The BBC Trust has approved a 12-month trial which will see selected BBC TV shows broadcast online ahead of their scheduled TV transmission.
The trial will see up to 40 hours of programming across a range of genres initially available on the BBC iPlayer.
Until now, the BBC's online-only content has been limited to pilots and one-off shows such as the Doctor Who web series Pond Life.
Last year saw a record number of requests for programmes on the iPlayer.
Overall 2012 saw 2.32 billion requests for TV and radio programmes, a rise on the 1.94 billion recorded in 2011.
The annoucement comes at a time when streaming services such as Netflix and Hulu are booming in the US.
Last November Virgin Media launched TV Anywhere, an internet TV service that streams programmes to computers, tablets and smartphones.
The BBC iPlayer is still dwarfed by scheduled television broadcasts and only accounts for about two per cent of all of the BBC's viewing figures.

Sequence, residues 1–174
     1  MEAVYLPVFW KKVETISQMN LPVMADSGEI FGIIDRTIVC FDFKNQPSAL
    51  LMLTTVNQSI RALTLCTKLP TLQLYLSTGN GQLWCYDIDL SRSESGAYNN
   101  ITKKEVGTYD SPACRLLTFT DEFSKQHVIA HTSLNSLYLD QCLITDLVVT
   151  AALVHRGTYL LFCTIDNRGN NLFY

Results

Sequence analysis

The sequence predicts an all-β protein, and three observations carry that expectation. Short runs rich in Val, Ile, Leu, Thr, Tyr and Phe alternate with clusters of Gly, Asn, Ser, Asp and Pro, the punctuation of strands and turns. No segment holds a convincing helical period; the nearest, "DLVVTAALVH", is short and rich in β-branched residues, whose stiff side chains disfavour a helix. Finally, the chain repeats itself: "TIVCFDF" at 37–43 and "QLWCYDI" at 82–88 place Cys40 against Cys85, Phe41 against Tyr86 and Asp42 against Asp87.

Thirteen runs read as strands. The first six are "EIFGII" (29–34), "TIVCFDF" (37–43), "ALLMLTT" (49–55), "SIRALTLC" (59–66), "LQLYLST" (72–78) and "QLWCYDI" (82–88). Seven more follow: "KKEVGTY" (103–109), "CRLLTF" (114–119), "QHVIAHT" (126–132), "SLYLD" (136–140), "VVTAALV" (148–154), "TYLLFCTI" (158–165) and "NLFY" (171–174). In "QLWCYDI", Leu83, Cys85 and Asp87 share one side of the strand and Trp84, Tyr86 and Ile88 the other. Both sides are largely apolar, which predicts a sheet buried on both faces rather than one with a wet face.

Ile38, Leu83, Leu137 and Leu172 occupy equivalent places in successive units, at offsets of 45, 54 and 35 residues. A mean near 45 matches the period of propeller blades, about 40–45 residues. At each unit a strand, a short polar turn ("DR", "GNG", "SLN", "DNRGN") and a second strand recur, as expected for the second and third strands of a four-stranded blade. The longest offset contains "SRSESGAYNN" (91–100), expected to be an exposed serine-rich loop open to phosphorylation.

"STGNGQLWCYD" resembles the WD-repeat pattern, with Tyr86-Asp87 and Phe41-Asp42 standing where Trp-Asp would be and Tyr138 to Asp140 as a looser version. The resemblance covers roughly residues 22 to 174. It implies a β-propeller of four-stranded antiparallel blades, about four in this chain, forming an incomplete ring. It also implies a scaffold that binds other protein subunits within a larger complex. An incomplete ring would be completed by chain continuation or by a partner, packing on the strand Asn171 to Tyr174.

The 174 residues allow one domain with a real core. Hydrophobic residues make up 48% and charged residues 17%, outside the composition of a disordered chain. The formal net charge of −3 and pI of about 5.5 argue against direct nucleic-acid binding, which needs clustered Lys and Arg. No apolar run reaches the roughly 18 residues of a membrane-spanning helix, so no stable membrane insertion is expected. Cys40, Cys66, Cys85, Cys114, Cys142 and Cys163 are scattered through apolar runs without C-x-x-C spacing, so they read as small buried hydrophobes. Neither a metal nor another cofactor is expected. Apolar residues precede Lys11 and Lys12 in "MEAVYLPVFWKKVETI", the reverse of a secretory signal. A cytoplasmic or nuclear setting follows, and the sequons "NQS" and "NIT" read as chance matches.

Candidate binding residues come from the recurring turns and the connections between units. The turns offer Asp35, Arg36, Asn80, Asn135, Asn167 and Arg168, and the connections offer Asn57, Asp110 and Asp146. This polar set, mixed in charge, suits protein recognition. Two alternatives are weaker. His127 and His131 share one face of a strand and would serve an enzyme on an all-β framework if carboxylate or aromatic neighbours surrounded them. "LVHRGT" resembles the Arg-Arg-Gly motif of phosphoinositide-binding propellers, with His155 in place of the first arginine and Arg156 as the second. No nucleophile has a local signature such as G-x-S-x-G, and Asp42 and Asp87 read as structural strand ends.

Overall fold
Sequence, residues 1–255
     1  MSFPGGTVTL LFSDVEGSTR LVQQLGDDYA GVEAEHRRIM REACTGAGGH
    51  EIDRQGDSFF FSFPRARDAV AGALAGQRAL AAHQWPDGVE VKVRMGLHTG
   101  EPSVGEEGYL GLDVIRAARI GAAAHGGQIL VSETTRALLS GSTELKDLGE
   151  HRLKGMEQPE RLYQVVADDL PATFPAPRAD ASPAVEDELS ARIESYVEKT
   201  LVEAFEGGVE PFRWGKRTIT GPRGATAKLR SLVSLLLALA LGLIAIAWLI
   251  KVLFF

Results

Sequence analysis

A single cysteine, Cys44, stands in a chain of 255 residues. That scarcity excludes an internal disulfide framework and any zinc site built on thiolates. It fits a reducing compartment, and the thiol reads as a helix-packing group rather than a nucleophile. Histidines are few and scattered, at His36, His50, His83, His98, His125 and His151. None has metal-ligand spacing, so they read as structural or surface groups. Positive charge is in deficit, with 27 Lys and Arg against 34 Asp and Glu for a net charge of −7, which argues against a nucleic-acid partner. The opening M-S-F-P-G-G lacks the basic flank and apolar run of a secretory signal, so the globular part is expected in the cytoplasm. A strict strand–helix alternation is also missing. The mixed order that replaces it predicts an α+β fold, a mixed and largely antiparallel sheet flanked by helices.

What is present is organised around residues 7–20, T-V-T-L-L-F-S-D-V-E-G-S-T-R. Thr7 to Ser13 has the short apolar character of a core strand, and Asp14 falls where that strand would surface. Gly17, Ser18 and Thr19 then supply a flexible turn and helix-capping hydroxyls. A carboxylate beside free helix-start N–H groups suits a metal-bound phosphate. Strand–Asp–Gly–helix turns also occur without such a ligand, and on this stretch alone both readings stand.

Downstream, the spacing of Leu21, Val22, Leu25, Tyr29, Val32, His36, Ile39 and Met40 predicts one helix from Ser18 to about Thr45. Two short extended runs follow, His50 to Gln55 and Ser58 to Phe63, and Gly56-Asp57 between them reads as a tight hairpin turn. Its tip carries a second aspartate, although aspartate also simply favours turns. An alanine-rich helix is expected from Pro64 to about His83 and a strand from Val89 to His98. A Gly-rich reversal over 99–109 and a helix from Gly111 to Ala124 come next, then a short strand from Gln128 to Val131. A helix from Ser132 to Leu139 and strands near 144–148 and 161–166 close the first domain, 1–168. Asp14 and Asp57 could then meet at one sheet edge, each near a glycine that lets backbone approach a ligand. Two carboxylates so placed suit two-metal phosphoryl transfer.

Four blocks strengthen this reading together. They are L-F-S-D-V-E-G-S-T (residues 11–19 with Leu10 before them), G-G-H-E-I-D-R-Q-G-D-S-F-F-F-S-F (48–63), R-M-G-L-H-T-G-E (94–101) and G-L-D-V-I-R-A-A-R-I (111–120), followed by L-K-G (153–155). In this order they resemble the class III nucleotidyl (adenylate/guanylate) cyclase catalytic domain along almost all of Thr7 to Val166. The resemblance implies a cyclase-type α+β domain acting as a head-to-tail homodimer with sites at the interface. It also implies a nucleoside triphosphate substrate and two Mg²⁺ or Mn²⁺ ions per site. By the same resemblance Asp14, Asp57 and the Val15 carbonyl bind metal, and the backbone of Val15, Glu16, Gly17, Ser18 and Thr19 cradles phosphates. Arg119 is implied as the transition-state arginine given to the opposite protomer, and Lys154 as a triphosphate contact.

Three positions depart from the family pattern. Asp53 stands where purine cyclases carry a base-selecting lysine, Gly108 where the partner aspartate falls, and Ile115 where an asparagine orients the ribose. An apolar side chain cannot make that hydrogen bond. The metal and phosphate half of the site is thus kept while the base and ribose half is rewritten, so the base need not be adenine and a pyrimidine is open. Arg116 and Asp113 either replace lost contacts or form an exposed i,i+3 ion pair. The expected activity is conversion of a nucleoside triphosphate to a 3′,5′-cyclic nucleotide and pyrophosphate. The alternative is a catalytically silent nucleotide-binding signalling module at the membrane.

According to media analyst Claire Enders, though, the BBC can afford to take the risk.
"This is a very interesting experiment to see how much people follow specific shows," she told the Daily Telegraph .
"The BBC accounts for about 20 per cent of all viewing in this country, and it is such a significant force that it can afford to experiment."
Last week Netflix premiered the entire series of the US remake of House of Cards online, bypassing traditional networks entirely.
No data has yet been made available on whether the decision to stream the series to paying subscribers has been a success.